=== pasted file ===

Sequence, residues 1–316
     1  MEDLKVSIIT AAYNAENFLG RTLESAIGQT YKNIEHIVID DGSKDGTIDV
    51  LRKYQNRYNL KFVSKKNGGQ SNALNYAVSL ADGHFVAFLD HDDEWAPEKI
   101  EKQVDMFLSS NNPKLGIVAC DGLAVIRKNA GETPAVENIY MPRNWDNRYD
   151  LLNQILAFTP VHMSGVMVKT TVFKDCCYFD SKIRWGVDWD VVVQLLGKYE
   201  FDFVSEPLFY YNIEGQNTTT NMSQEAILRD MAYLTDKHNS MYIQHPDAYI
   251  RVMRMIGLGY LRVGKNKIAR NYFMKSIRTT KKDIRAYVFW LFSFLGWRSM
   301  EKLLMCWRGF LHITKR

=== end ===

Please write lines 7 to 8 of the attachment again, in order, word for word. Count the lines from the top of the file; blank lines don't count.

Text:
   251  RVMRMIGLGY LRVGKNKIAR NYFMKSIRTT KKDIRAYVFW LFSFLGWRSM
   301  EKLLMCWRGF LHITKR